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What Really Happens to Your Blood After You Donate?

Plasma gathered from your blood can be exported across the globe, but what exactly is it, and why is it in demand?

It’s a squeamish subject, but we all need blood...and a lot of it. In fact, every three seconds, someone in the U.S. needs it. Whether it’s for having a baby, undergoing surgery, treatments for cancer, or chronic medical conditions like anemia, blood saves millions of lives annually. But the catch is – we can only get it from each other. Which is why very altruistic people in the world donate blood. Some 6.8 million people in the U.S. alone donate every year. But where does all this blood go after it leaves your body? Does it go to the patient down the street? How about another city?

Let’s start at the post-donation stage. First, test tubes of your blood get sent to a lab to identify any infectious diseases and blood type. At the same time, your pint of blood, or unit as it’s called, goes in a giant spinning centrifuge where it’s separated into three different components; red blood cells, platelets, plasma. And each of these have a designated function. Red blood cells are what give your blood its color and contain a protein called hemoglobin which help it transport oxygen and carbon dioxide to and from your lungs. This is what’s given to patients undergoing surgery or those with low blood cell count, like anemia.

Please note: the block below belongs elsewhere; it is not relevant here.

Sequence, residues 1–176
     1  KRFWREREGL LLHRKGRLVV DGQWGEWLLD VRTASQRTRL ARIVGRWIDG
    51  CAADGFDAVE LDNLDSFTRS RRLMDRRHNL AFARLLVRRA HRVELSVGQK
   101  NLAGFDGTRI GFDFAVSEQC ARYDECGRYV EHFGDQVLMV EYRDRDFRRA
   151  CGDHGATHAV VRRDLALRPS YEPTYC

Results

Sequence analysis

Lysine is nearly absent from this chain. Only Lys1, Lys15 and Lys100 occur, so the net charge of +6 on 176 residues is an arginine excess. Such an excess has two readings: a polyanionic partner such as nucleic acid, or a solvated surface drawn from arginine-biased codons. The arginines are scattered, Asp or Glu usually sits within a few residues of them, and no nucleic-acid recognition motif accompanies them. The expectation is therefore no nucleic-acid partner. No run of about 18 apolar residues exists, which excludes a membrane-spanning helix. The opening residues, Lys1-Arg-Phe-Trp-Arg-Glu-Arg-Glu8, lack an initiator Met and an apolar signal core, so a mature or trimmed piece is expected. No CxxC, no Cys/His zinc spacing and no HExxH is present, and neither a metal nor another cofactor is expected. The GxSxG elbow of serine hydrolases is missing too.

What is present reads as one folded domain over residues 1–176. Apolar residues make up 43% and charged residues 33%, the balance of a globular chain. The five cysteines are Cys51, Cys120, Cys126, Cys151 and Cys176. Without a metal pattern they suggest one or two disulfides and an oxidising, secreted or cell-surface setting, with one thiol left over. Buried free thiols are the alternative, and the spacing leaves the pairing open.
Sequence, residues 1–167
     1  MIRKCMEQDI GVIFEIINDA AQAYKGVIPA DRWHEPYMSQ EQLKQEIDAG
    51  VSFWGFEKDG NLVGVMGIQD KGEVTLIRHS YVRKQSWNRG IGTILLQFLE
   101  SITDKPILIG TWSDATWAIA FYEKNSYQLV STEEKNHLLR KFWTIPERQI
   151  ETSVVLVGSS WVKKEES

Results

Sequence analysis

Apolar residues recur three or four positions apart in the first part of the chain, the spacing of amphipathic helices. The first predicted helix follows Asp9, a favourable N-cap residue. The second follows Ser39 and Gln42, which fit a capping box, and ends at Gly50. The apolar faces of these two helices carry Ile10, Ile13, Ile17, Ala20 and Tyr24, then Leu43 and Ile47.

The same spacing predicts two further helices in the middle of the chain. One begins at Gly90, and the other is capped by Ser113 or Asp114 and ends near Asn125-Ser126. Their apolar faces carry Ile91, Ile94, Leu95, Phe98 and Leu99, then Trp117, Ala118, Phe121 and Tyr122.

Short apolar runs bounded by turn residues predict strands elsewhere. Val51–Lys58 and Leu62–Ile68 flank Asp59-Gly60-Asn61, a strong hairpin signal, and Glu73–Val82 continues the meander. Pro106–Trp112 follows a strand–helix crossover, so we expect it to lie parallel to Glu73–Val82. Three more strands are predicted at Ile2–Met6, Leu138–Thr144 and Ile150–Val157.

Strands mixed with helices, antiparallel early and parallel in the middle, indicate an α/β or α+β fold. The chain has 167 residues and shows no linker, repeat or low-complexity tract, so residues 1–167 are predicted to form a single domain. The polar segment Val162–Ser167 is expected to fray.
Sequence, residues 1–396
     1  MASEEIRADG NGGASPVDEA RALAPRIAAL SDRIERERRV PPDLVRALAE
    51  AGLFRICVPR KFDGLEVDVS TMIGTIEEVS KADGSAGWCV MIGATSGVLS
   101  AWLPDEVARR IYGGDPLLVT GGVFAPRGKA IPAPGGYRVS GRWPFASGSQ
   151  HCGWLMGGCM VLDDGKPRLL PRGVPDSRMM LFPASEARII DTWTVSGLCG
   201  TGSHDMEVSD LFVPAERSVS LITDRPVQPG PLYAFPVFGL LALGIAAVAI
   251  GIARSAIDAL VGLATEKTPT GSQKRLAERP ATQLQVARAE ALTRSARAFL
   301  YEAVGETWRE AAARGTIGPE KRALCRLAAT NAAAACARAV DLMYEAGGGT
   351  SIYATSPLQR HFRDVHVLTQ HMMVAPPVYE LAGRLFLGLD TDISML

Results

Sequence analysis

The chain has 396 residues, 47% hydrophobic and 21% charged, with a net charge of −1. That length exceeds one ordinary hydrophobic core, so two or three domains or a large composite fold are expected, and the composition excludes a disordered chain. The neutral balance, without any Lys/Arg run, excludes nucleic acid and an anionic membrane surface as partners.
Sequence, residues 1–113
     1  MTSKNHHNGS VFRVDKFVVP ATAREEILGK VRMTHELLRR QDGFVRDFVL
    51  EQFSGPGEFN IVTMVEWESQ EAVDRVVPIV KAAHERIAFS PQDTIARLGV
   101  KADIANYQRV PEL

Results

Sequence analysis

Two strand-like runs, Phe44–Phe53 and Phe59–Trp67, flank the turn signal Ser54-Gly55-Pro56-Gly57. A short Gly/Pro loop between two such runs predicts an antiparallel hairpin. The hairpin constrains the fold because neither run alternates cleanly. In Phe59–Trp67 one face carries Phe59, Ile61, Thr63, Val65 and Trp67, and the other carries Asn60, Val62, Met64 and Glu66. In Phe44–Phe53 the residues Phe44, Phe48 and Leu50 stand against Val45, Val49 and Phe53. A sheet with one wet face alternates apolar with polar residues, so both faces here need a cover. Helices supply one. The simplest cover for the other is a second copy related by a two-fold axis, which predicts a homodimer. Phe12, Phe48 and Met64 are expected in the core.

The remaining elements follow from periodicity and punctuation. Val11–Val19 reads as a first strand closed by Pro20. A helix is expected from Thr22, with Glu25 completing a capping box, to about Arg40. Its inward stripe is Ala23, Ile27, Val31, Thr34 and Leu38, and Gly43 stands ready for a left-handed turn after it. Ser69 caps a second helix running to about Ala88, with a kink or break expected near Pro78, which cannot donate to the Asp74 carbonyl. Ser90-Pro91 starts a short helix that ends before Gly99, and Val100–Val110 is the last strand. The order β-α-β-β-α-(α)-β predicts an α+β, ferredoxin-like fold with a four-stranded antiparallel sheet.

Platelets are fragments of other cells and they help your blood coagulate properly. They’re commonly used for cancer patients whose platelets have been affected from chemotherapy. And finally plasma, a yellowish liquid that’s a mixture of water, salt, and enzymes–but also antibodies, clotting factors, and proteins.

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